Frequent, repeated visits of your cat to the litter tray could be a sign that your cat is suffering from feline lower urinary tract disease and there’s a number of different causes. They come in two broad categories, best described as medical causes and psychological causes. It’s certainly the case that stress in cats can produce signs of wanting to urinate more frequently.
It’s very important to note that if a cat is repeatedly going to their litter tray, straining but not passing any urine, that’s a true emergency. The cat’s bladder may be blocked and it requires immediate attention. If an owner observes this behaviour then the cat needs to be taken to the vet straight away.
Why it happens
If you have a cat that’s going to the litter tray repeatedly but successfully urinating, there are some things to watch out for. Is there blood present? Is the cat straining? Is it peeing in unusual places, such as a bedspread? All of these things can be caused by stress in the cat or there could be an underlying medical cause that’s triggering it.
Speaking very generally, in about 50 per cent of cases, we don’t find a cause and so these are described by the term, idiopathic cystitis. In about 20 per cent of cases, the cause is bladder stones. Usually these are quite small—although in some cases they can be quite large—and are located in the bladder. The stones irritate the bladder wall and makes the cat feel the need to pee more frequently.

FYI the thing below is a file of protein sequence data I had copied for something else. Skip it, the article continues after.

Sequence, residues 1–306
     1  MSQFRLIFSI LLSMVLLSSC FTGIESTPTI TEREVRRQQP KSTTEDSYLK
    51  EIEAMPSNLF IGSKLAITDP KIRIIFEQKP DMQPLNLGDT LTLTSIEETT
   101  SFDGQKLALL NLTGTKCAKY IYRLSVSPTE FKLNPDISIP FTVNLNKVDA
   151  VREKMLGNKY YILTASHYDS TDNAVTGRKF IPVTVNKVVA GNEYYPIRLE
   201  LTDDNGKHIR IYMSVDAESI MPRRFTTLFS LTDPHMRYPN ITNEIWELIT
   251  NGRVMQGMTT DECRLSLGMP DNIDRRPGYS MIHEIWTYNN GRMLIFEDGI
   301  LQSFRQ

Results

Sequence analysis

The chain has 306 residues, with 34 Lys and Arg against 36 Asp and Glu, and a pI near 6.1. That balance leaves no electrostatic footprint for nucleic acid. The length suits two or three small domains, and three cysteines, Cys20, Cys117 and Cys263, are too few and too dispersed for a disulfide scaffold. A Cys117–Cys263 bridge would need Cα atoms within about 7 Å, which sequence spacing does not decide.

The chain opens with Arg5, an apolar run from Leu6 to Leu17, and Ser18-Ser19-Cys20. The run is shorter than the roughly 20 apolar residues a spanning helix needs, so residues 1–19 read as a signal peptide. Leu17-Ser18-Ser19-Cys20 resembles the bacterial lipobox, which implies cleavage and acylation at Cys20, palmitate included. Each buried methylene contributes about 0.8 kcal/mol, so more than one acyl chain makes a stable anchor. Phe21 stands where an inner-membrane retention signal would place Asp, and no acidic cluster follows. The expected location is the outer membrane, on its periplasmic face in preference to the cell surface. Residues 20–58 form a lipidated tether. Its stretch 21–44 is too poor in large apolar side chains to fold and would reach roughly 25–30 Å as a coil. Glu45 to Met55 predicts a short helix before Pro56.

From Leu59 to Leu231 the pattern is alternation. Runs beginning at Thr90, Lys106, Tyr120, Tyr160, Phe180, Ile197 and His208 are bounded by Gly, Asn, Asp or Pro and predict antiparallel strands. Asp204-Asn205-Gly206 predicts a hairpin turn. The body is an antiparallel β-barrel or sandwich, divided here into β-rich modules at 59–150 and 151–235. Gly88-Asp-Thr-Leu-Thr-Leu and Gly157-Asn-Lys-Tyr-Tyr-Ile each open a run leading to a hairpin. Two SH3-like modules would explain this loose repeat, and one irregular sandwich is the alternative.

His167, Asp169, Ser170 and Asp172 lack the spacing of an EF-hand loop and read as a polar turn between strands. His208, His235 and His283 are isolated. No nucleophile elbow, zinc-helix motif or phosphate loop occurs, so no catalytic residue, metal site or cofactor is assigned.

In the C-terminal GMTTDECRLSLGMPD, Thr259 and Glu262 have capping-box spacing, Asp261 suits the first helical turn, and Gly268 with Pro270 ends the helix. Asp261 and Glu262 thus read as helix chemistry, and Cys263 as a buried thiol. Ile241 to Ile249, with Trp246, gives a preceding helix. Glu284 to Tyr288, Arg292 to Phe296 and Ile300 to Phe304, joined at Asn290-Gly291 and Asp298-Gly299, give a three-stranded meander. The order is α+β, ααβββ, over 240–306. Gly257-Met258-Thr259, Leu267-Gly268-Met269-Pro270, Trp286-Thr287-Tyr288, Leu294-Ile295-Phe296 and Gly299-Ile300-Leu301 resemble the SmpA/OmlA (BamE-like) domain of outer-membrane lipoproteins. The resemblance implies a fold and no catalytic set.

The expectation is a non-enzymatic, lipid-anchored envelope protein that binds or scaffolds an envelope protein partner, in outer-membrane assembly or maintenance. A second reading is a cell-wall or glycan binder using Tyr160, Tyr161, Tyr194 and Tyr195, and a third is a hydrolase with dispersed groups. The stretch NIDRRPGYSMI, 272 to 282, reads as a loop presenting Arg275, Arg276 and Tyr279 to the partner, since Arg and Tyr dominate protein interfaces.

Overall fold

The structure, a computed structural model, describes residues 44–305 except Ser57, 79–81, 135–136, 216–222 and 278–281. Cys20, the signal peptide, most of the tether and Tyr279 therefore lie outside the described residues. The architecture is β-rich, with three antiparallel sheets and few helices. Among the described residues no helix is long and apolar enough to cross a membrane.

A smaller percentage of cases are true urethral blockages. This can be caused by a wide range of factors from urinary tract cancer to urinary tract damage caused by being hit by a car. As a vet, the most important thing we can do is to differentiate a blocked cat from a non-blocked cat, and to identify whether there’s a medical or psychogenic reason for them to be straining to urinate.
Cats are very susceptible to stress and changes in their environment. It could be that another cat has moved into the household or that someone has been to stay. Even the weather can stress out a cat.
If they’re used to going outside to urinate and suddenly it’s wet, that can cause some cats to start urinating in inappropriate places. Many types of low-grade stress can frequently trigger urinary tract issues in cats.
A successful product for reducing stress in cats is called Feliway. It releases pheromones that comforts and reassures cats while being undetectable to humans. If you’re moving house and taking your cat, I would encourage the use of Feliway before you leave and in the new house as well. It certainly helps reduce urine spraying behaviour.
There’s a range of medications that can help a cat suffering from feline lower urinary tract disease. These relax its bladder so it can urinate normally. If the bladder is severely painful and inflamed due to stones or an infection, medical treatment may be required.